This is the latest stable and recommended stable Xen Dom0 solution on Fedora 12. No serious bug found till now and we will fix the bugs by ourselves if some appears. It also works on Fedora 14 as well. It should not be hard to use this solution on other versions of Fedora or other Linux distribution.
How to set up Xen Dom0 with Xenified Linux kernel in Fedora 12 will be introduced in this post. We use Xen 3.4.3 from xen.org and Xenified Linux kernel 126.96.36.199. This is a very stable Dom0 solution for Fedora 12. Lot’s DomUs have been tested on this platform.
- 1 Hardware:
- 2 Linux system:
- 3 Build and install Xen hypervisor and tools
- 4 Build and install xenified Linux kernel
- 5 Configure grub
- 6 Make Xend and Xendomains services automatically start when system boots
- 7 Enjoy the fun now!
- 8 Making the performance more stable
- 9 Problems
Dom0’s hardware platform:
Motherboard: INTEL S5500BC S5500 Quad Core Xeon Server Board
CPU: 2 x Intel Quad Core Xeon E5520 2.26G (5.86GT/sec,8M,Socket 1366)
Memory: 8 x Kingston DDR-3 1333MHz 4GB ECC REG. CL9 DIMM w/Parity & Thermal Sensor
HD: 4 x WD WD10EARS 1 TB, SATA II 3Gb/s, 64 MB Cache
Fedora 12 x86_64
SELinux is disabled. Please refer here for detail: Disabled SELinux on Fedora.
ext3 is recommended for the file system of disk partition for /boot.
Update the system:
# yum update
The Xen and libvirt packages in Fedora should not be installed to avoid conflict.
# yum erase xen* libvirt
Build and install Xen hypervisor and tools
Download Xen 3.4.3
$ wget http://bits.xensource.com/oss-xen/release/3.4.3/xen-3.4.3.tar.gz $ tar xf xen-3.4.3.tar.gz
Build Xen and tools
You may need to install packages depended by this. You can try this for solving the dependencies:
# yum install make gcc -y; # yum groupinstall "Development Libraries" -y; # yum groupinstall "Development Tools" -y; # yum install transfig texi2html \ dev86 glibc-devel glibc-devel.i686 \ e2fsprogs-devel gitk mkinitrd \ iasl xz-devel bzip2-devel \ pciutils-libs pciutils-devel \ SDL-devel libX11-devel gtk2-devel \ bridge-utils PyXML qemu-common \ qemu-img mercurial ed -y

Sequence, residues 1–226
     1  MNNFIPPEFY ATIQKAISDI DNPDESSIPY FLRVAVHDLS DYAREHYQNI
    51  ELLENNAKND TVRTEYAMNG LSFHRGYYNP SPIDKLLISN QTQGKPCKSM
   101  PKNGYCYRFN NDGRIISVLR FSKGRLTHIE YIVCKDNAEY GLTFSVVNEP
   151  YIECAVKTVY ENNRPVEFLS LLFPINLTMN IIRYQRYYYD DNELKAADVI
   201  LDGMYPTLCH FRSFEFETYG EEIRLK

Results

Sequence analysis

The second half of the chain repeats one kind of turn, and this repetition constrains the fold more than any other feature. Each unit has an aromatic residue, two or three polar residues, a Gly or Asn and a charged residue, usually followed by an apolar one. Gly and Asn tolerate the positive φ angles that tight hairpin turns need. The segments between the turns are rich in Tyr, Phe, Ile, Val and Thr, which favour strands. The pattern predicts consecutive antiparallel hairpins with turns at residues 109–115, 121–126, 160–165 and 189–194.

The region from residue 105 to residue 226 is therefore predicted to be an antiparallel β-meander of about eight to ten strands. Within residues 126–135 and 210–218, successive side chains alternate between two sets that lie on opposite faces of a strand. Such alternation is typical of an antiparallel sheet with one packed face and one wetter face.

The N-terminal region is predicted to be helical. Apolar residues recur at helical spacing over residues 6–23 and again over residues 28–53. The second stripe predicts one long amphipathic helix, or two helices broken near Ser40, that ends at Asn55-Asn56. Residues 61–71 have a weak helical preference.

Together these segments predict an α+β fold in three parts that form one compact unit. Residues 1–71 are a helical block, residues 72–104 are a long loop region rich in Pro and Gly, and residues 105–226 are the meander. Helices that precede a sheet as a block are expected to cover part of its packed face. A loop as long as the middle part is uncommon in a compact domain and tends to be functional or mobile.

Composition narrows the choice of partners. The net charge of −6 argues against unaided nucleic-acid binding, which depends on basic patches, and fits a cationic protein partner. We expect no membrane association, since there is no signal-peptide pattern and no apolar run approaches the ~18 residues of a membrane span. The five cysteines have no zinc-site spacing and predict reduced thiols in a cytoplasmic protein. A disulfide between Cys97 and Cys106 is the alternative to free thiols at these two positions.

The we can make Xen and Xen tools:
$ make xen $ make tools
Install Xen and tools
$ make install-xen $ make install-tools
Build and install xenified Linux kernel
Download Linux kernel 188.8.131.52
$ wget http://www.kernel.org/pub/linux/kernel/v2.6/linux-184.108.40.206.tar.bz2 $ tar xf linux-220.127.116.11.tar.bz2
Download 2.6.32 Xen patches v2
$ wget http://gentoo-xen-kernel.googlecode.com/files/xen-patches-2.6.32-2.tar.bz2 $ mkdir xen-patches-2.6.32-2 $ tar xf xen-patches-2.6.32-2.tar.bz2 -C xen-patches-2.6.32-2
Apply Xen patches
Apply all the patches downloaded above following the patch number.
You may need to install patch if it isn’t installed:
# yum install patch
This patch.sh script can be used (we assume the patch and the kernel are in the same directory):
#!/bin/bash for P in `ls ../xen-patches-2.6.32-2/6*.patch1 | sort` do patch -p1 -s -i $P if [ $? = 0 ]; then echo $P applied else echo "Error processing "$P exit 1 fi done
Put this script into Linux source directory and execute:
$ sh ./patch.sh
The structure of these directories are as follows:
| |-linux-18.104.22.168 | | | `- patch.sh ` xen-patches-2.6.32-2 | `- 6*.patch1